An Interview With: Carl Randall

In 2012 British artist Carl Randall won the BP Travel Award and embarked on a once in a lifetime journey, travelling in the footsteps of one of Japan’s most important historical artists and documenting modern Japanese life through a lens of oil and canvas. The fruits of his journey were unveiled last year at the National Portrait Gallery, a shrewdly executed cross-section of modern Japan in the form of eighteen paintings crafted by rich tones, lucid detail and a tangible sense of energy. I recently caught up with this accomplished painter to talk travel, Tate solos and Tokyo 2020.

Hello and welcome to Kolekto! First off, I’d like to ask what you set out to achieve by painting the people and places along the Tokaido Highway in Japan?

My idea was to follow in the footsteps of the Japanese woodblock artist Ando Hiroshige, who in 1832 traveled along the Tokaido Highway – an old trading route that ran from Tokyo to Kyoto – producing a series of prints showing the people and landscapes he experienced along the path. The prints now serve as a valuable artistic document of life in Japan at that time and I thought it would be fascinating to produce contemporary equivalents 180 years after Hiroshige made the same journey. I set myself the rather difficult challenge of presenting the country in a fresh, personal light, avoiding hackneyed images often seen in travel photography.

I’d say you did an excellent job. What kind of an influence do you think travel has on creativity?

During my 10 years in Japan, I rarely had the equivalent of ‘writers block’. Everything is so different, from larger society to small everyday details, which is a source of inspiration. For me, travel was a catalyst for creativity, and I got a lot of work done in Japan.

I think it takes at least five years somewhere for the culture to begin to seep under ones skin and to affect work in a meaningful way. In my experience, one can’t arrive in a very different culture and produce works with substance and understanding within just a couple of months. This would result in work that at best depicts only surface; or worse, is based entirely on stereotype or preconceived notions. Though the paintings I made during my final year in Japan took only one year to make, it took the previous nine years of being there to get to the position where I could make them.

I think this comes through in the success of your recent work. We often see people and faces in your paintings, what draws you to portraiture and in particular the elderly survivors of the Hiroshima bombing?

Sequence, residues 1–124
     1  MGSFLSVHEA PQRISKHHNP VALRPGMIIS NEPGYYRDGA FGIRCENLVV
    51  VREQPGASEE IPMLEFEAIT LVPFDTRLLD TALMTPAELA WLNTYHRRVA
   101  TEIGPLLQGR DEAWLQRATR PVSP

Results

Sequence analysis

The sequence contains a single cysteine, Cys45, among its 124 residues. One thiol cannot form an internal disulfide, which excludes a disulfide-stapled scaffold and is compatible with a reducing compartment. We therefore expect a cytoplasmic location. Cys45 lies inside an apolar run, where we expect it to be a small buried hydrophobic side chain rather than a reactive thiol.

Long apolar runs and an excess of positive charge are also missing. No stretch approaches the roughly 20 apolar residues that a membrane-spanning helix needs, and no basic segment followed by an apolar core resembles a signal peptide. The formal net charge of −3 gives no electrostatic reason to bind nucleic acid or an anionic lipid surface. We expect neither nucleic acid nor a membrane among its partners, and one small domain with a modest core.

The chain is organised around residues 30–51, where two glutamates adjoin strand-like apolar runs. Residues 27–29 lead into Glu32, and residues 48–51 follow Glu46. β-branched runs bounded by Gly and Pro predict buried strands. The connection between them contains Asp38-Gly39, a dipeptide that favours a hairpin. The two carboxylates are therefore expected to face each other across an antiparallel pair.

My initial interest in the survivors began after reading John Hersey’s book ‘Hiroshima’, which uses a simple and straightforward style of writing to document the experiences of the survivors. My idea was to produce a visual equivalent of Hersey’s writing style – an objective document through observational drawing. I see them as more of a historical document than art, similar to documentary photography, filmmaking, or journalism. Being from a Western country partly responsible for the bombing, in some ways it was a sensitive position to be in but I felt that this shouldn’t prevent me from following my interest in the subject. I felt it was important to document these people as most of them are very old and will not be around for much longer.

What are the greatest influences on your work that have helped shape you into the artist you are today?

I am interested in images combining people and places with a hidden narrative. Paintings executed with a studied, analytical approach appeal to me, especially when coupled with an element of distortion or psychological tension – some examples being early Lucian Freud, Otto Dix, Christian Schad and the sculptures of Ron Mueck. Many of my favorite artists are good draughtsmen and know how to create good design, but are guided by the personal or playful rather than the academic – Stanley Spencer, Ben Shan, Edward Burra. I am also drawn to images of the everyday imbued with a feeling of the sublime or surreal, such as Edward Hopper, who has been a continued influence on me.

Describe your dream commission…

If we are talking ‘dream’ commission, no matter how fantastical, something like this would be very nice: “Go off and travel the world for the next 10 or 20 years, make lots of paintings and drawings, and they’ll then be exhibited at your solo show at the Tate or National Gallery”. Perhaps less fantastical (though by no means realistic) would be official artist in residence at the 2020 Tokyo Olympics, documenting the games, athletes and spectators.

So… After Japan, where next?

I have tentatively started a series of images called ‘London Portraits’, images that combine people and places. Some of the people sitting for this project are quite well known in their respective fields. I am hoping to get at least twelve or more and exhibit them as a series. That’s all I’ll say about that project for now though. After that, who knows, I have a few ideas so I’m sure I’ll think of something.

You can see In the footsteps of Hiroshige: Portraits of Modern Japan at The Wolverhampton Art Gallery till 31 May 2014 as part of 2013 BP Portrait Awards Exhibition. Watch a film about the project here: